New Zealand coach wants to unleash pace on India

Mike Hesson feels his bowlers let West Indies off the hook in the just concluded series at home - a mistake not to be repeated against a strong Indian team.

Updated: January 17, 2014 14:45 IST
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Napier: New Zealand cricket coach Mike Hesson on Friday, called on his fast bowlers to welcome Indian batsmen with aggression when they clash with the visitors in the five-match ODI series starting here on Sunday.

Hesson wants his bowlers not to repeat the mistakes they committed during the West Indies series, when their pacemen let the visitors off the hook. (Suggested read: Martin Crowe says Kiwis can beat favourites India)

"It's aggression in terms of where you bowl the ball, the pace you bowl and the areas you bowl. You're not just running up and putting it there and hoping good things will happen, you're actually trying to make things happen. We've got a few guys who do that naturally so we'll certainly be encouraging that," Hesson was quoted as saying by a website. (Also read: India's top-spot in ODIs at stake in NZ)

"If you just try and deny there comes a time in the game with only four fielders out where it's extremely hard to defend. If you're able to keep taking wickets at the top you can control those middle overs. That's a pattern that's worked well for us and one we'd certainly look to continue," Hesson said.

Hesson said the pitch at the McLean Park will play true to its character.

"Quick, bouncy, a good wicket, a high scoring game, that's the pattern we get there and it's been pretty consistent," he said.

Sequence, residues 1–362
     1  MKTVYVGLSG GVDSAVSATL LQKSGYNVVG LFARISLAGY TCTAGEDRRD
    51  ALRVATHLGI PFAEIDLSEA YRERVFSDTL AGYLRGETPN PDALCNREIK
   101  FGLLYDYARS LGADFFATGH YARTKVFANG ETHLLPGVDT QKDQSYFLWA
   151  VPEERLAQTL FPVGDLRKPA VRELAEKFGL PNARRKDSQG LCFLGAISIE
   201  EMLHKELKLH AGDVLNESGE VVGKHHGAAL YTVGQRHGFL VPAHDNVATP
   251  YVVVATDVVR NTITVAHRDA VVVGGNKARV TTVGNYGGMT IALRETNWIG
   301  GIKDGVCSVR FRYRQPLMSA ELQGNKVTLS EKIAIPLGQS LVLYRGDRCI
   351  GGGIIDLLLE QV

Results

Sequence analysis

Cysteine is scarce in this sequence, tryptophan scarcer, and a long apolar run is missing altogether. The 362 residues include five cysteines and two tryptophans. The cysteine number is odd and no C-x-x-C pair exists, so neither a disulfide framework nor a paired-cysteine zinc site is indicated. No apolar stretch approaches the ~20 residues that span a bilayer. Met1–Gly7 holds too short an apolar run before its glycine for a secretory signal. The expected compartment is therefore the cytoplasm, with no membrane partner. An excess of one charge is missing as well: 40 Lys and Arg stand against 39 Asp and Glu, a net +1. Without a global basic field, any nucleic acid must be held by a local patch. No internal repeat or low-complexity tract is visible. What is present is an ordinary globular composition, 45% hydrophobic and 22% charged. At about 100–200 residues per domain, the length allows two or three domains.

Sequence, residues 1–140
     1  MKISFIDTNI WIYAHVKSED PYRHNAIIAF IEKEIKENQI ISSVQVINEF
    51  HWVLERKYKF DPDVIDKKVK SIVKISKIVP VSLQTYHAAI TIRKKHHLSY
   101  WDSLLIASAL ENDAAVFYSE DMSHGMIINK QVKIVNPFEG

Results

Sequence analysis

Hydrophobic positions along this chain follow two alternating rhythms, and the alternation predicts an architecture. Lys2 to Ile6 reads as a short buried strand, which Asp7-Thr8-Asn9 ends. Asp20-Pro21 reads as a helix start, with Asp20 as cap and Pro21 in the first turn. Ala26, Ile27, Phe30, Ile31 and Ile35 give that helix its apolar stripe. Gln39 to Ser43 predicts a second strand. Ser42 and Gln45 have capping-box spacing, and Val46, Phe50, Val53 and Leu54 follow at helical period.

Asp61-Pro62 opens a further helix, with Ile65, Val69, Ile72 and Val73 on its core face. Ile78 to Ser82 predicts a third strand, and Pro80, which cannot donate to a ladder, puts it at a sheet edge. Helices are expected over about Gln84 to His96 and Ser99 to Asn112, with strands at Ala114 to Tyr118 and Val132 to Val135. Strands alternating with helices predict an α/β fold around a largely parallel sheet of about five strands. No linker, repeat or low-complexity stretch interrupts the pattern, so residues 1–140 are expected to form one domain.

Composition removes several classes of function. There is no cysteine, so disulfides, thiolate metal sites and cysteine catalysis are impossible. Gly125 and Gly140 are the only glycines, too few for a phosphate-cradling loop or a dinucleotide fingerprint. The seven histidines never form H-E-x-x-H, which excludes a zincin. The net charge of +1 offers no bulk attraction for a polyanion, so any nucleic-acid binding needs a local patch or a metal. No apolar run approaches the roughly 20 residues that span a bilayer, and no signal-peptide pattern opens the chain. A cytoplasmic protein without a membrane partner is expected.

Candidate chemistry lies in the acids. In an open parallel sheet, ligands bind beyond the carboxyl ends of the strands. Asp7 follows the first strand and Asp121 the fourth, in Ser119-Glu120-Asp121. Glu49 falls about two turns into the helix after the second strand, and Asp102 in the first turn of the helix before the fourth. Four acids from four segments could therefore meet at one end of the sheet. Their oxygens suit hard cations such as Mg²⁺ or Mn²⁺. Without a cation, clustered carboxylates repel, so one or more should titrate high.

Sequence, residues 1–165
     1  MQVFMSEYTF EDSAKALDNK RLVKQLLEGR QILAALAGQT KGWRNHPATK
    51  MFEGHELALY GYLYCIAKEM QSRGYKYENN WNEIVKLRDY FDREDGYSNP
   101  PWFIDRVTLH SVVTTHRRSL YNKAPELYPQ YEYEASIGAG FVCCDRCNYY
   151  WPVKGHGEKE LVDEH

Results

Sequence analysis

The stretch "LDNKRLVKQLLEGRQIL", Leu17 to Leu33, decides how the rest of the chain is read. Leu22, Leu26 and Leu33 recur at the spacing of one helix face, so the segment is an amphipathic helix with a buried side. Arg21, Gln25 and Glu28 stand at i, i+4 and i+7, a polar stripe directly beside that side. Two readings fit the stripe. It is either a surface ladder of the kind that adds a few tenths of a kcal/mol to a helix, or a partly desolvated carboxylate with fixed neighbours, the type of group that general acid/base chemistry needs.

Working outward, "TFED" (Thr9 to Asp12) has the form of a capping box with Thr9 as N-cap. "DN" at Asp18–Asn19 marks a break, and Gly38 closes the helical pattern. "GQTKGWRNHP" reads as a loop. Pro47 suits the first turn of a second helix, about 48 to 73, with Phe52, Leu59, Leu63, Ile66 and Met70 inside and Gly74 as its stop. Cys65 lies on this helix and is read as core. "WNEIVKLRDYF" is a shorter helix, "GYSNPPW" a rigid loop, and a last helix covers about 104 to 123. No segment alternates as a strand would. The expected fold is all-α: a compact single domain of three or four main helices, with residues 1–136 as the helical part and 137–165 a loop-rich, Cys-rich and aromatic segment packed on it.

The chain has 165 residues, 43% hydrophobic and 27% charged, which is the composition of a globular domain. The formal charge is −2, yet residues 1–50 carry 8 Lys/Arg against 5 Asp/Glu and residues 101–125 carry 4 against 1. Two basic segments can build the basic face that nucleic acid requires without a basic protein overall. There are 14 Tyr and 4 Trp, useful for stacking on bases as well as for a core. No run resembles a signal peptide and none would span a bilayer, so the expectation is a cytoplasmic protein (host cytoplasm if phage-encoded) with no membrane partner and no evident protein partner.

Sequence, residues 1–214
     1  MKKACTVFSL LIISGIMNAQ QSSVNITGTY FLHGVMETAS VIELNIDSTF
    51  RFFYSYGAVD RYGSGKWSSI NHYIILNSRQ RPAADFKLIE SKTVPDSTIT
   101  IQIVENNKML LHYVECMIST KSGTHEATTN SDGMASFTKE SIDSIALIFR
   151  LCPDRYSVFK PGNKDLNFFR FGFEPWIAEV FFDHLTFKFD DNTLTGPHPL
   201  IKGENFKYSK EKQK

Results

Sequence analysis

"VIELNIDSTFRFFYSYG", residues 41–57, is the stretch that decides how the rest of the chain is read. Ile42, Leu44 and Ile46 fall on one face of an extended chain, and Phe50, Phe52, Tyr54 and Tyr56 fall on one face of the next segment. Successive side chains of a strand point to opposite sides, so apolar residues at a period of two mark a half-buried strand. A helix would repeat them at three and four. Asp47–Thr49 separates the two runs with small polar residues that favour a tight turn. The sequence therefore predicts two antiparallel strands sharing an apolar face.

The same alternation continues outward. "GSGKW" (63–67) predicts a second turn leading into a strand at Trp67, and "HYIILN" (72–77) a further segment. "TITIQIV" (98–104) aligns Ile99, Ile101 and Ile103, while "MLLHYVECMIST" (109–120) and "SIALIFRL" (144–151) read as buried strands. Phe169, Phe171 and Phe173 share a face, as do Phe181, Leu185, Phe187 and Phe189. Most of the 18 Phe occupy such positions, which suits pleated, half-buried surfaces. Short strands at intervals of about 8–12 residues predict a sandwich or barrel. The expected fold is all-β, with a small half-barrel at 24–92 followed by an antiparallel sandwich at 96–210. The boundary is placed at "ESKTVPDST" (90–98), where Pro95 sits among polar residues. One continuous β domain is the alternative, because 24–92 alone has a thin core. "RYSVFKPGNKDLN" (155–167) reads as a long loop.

Curator Phil Stoyanoff has also said that even though the surface would be hard and bouncy, it will be a high-scoring game where pacemen can be punished to the short side boundaries if they err in line.

Hesson also hoped to play new sensation Adam Milne, who troubled the Caribbean batsmen with his raw pace, in the Napier ODI. Tim Southee is sure to play and either Milne, Mitchell McClenaghan or Kyle Mills will miss out.

Hesson said Mills has been an asset to the team and if he makes it to the playing XI, he will have the new ball.

"Kyle has been a great performer for a long time and if he plays he'll use the new ball. We used him first change in the subcontinent and he did a good job. But him not having the new ball here negates some of his qualities. All four of the guys know that there's competition for places and that's a really good thing," Hesson said.

New Zealand arrived here on Thursday while the Indians landed on Monday.

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